(While I'm on vacation — from teaching and blogging — I hope you enjoy this piece from my website archives.)
Many people have the misconception — and I have to admit to my own deeply ingrained version of this misconception — that the Alexander Technique is about relaxing. Don't we all want to live with the minimal amount of muscular effort? The answer, perhaps surprisingly, is not really. At least, not minimal effort in the way most of us mean these words.
There are actually at least two different kinds of effort that we employ as we go about our activities. One is familiar: it's the effort we expend to perform various actions. We expend effort to lift a stone, to sing a note, to walk across the room. The other kind of effort goes largely unrecognized for most of us: it's the "background" effort that supports our bodies in response to gravity. It takes a certain amount of energy to be upright to varying degrees in standing or sitting or even lying on a couch. (Dr. Wilfred Barlow, one of the first teachers trained by Alexander, attibutes to him "a vision of a way of life in which the body was to be used well and actively during even the most sedentary of pursuits." [Italics mine])
I'm beginning to tune in to the inverse relationship between these two types of effort. It seems that if I expend a little more energy to organize myself into a more dynamic uprightness, I actually need to expend a lot LESS energy to perform the lifting of stones and singing of notes, etc, that make up my daily activities.
Of course, this extra effort has to be wielded intelligently. Just pulling myself up with blind force creates interference, not ease. (This is what generally happens when people try to "sit up straight.") Employing Alexander's principles helps me to invoke the strongly supportive system of oppositional muscle forces in my body — an available resource that it's easy to neglect. But if this system of forces is not activated, I have to use far more "local" effort to lift things and move. (Local as opposed to global; I have to tense my biceps, say, to lift a book, rather than letting my whole body cooperate in this effort.)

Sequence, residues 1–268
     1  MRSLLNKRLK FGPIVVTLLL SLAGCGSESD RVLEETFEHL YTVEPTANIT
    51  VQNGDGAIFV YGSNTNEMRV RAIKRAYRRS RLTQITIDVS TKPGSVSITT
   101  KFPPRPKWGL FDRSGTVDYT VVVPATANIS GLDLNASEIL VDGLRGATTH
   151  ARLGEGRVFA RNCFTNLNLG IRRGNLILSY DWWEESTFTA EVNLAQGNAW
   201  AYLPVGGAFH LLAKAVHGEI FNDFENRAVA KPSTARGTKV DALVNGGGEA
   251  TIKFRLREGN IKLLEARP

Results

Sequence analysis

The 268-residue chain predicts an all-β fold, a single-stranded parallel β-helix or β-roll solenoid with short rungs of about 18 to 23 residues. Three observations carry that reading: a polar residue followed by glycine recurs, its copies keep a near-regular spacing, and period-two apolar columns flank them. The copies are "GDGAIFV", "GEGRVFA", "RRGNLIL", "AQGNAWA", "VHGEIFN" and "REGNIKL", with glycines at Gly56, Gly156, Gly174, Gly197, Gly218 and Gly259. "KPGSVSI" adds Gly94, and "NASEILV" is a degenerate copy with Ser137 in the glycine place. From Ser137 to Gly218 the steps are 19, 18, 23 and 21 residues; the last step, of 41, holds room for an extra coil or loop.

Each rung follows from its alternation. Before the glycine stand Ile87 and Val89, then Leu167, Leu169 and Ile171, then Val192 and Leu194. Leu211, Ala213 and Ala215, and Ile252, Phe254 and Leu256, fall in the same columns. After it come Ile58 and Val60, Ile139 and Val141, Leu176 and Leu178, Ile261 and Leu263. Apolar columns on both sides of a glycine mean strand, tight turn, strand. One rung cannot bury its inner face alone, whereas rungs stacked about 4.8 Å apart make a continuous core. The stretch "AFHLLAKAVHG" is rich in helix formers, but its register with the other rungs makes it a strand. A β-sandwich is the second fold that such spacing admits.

When I think of relaxation as the goal, I am reluctant to expend the beneficial effort to bring about the oppositional forces that can support me and make all my activities easier. With this much vitality of energy coursing through my whole body, it can feel as though I am working harder just to be here — and in a way I am. (Every activity becomes a whole-body toning exercise — I especially notice more engagement of my abs.) I have to remember that the energy savings will accrue as I begin to move and to do things, which will take less effort.
Sometimes, I do like to let down completely, relinquishing my oppositional energy for true relaxation. After a yoga class, for example, I may spend a few minutes in corpse pose, releasing as much muscle tension as I can. But I need to remember to "turn on" my oppositional support system before moving out of this pose, or I risk exerting effort unwisely, putting local strains on my body and potentially injuring myself.
Alexander developed a procedure — which he rather unimaginatively named "hands on back of a chair" — to develop a person's sense of oppositional organization in activity. (Maybe sometime I'll make a video about HOBOC.) Ask me to explore this procedure with you at your next lesson. . .learn how to tone your abs while you work at the computer!